ORLANDO, Fla. For many of the players here, summer league games offer up a first taste of what professional basketball will be like.
And then there are players like the Sean Williams who come in having participated in the summer league circuit . . . a lot.
"This is like my fourth summer league," he said.
Williams' talent alone should exempt him from having to participate. But the NBA isn't just about having the most talented basketball players.
Often it's how those talents are used -- and misused -- that determines a player's status and NBA longevity.
Williams will be the first to tell you that he hasn't utilized his talents as well as he should. He'll tell you that he's made mistakes both in college and since coming into the NBA that have had a negative impact on his career in so many ways.
But that appears to be a thing of the past now as Williams continues to pump life into a once-fledgling NBA career that's starting to turn around for the better since he joined the C's in March. While his contract for this upcoming season has not been guaranteed yet, Williams continues to produce in a way that gives Boston little reason to look elsewhere as they try to add more depth for the upcoming 2012-2013 season.
"I think he's grown up," said C's coach Doc Rivers. "That's why we give everybody a chance. I get coaches calling me about other guys all the time. I don't give a bleep about that. I'll give him a shot. If he burns you, you let him go."
The C's have shown no signs of wanting to do that.
And Williams, a former first-round pick out of Boston College, has no desire to leave.
But he understands that at the end of the day, this is a business and regardless of how well he does in summer league, there's no guarantee that he'll be back next season.
That, he says, is the beauty of Orlando's summer league.
"For a player like me, it's the only time yo come into a gym and there's only GMs, head coaches, team personnel here," Williams said. "Players get a sense of the evaluation that's going on here. You're trying to show that you can learn on the fly and adapt. What coaches give you in a couple of days, is what summer league is about. Players come out here, show you can adapt and come out here and do what you do."
Although he played fewer minutes (just over 14) than any other starter for the Celtics on Monday, there was no mistaking his impact on the game, altering shots, getting a deflection or rebounding the basketball.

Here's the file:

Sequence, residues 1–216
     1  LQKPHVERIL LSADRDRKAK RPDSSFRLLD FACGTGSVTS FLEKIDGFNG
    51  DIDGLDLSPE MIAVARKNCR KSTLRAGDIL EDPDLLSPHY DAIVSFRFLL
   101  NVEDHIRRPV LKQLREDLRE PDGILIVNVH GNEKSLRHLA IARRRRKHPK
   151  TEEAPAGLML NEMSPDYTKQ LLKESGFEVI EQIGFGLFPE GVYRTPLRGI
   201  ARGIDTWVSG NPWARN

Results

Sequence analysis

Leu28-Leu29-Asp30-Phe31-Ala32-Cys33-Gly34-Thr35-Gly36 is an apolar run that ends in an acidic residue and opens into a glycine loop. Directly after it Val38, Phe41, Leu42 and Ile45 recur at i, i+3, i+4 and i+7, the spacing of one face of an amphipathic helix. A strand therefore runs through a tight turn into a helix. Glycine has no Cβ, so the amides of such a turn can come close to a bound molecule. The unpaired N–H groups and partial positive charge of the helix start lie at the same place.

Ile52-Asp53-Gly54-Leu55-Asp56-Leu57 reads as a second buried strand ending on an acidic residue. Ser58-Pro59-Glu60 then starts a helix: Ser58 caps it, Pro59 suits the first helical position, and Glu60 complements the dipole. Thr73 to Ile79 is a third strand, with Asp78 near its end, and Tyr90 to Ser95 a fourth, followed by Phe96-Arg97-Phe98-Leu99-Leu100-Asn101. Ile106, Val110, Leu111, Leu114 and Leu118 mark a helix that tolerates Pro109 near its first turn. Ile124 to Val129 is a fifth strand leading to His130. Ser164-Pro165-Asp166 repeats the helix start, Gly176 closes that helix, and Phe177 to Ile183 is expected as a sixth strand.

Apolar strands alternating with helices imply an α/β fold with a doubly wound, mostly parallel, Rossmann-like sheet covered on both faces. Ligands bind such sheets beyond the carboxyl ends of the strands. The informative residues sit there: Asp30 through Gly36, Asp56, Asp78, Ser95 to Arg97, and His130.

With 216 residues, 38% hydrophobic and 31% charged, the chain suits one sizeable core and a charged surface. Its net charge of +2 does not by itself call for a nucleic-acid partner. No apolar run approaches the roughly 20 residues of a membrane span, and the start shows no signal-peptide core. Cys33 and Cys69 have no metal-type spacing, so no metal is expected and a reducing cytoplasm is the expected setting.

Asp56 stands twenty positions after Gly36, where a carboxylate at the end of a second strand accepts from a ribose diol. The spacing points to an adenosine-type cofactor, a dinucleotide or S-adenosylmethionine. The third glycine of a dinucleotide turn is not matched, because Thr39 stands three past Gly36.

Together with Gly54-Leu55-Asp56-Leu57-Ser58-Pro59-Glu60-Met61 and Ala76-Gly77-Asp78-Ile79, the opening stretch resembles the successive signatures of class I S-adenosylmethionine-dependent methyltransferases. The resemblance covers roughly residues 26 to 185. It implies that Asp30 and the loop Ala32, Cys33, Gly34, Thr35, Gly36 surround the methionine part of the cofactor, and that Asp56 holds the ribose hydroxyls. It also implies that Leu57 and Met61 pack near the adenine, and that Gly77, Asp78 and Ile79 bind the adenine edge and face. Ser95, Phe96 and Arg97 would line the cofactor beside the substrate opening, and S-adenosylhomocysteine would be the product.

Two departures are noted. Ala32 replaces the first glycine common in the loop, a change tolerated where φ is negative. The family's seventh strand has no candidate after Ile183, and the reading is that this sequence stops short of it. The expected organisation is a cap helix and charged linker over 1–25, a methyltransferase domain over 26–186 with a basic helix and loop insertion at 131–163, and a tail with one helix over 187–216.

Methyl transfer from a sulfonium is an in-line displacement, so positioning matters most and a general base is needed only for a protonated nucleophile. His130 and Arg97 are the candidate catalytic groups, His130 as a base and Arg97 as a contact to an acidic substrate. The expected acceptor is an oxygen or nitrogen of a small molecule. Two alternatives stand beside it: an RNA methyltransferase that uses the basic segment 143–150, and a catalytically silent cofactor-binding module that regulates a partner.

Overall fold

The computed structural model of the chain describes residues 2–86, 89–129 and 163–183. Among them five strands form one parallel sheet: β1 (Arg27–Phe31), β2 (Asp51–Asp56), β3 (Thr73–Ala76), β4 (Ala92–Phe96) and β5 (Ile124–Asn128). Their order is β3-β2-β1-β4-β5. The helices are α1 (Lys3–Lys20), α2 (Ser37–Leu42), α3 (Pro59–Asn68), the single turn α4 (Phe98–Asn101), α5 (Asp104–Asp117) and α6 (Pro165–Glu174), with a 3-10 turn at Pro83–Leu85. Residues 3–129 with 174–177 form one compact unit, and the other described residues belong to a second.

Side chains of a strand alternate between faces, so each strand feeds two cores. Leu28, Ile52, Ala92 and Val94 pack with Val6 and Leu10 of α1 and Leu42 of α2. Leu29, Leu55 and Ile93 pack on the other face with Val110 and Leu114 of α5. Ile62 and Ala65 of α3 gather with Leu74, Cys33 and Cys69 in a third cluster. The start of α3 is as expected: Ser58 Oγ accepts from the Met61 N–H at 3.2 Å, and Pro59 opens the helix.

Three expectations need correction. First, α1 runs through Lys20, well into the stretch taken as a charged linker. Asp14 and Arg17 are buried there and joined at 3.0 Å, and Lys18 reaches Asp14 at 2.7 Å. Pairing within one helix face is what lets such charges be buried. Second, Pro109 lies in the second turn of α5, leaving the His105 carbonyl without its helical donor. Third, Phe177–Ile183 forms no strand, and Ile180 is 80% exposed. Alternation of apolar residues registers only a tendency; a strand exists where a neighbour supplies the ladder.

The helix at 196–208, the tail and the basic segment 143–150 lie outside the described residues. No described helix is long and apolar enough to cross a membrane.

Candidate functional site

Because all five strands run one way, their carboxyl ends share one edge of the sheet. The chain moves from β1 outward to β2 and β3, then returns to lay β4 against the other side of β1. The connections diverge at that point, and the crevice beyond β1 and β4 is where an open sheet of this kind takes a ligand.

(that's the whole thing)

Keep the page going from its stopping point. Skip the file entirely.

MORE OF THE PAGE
Those are are high-energy, effort plays that speak to what Williams' strengths are as an NBA player.
"He's not skilled offensively much at all," Rivers said. "But he has a chance to be a shut-down defender, a shot blocker, a guy that you can bring in and change the tempo of the game. He rebounds the ball. He has that skill set in him. He has to marry himself to that."
Williams appears willing to do that, proving once again how much he has matured in comparison to his college days and early on in his NBA career.
"I think we forget many of these guys make mistakes at 22 and 23," Rivers said. "I'd like to see all of us at that age with the fame . . . it's not that easy. But it looks like he's grown."
One of Williams' former teammates in Boston and New Jersey, Keyon Dooling, spoke glowingly about the importance of younger players like Williams being open-minded enough to embrace the teachings of a veteran team like the Celtics.
"You want to pour into the young guys," Dooling said. "You want them to know that this is an NBA brotherhood. We have a sense of responsibility for each other. Right now, you may be following. But there's going to be a time when we're not here and you're going to be a leader. You're gonna have to pool these lessons you're learning here right now, and apply them to where you are in the future. You want to teach these young guys how to be leaders, how to be model citizens, how to be family men, how to dig deep, play hard, how to play through injuries, how to do all those things. It's a blueprint for success."
It's one that Williams is indeed subscribing to, which is why he has not hesitated to assist the Celtics two rookie big men, Jared Sullinger and Fab Melo, with whatever questions they might have.
"I'm learning from them, too," Williams said. "We're all pushing one another, trying to get better everyday. That's what we all want, both individually and as a team."
Williams added, "everyday is a learning experience for everybody out here."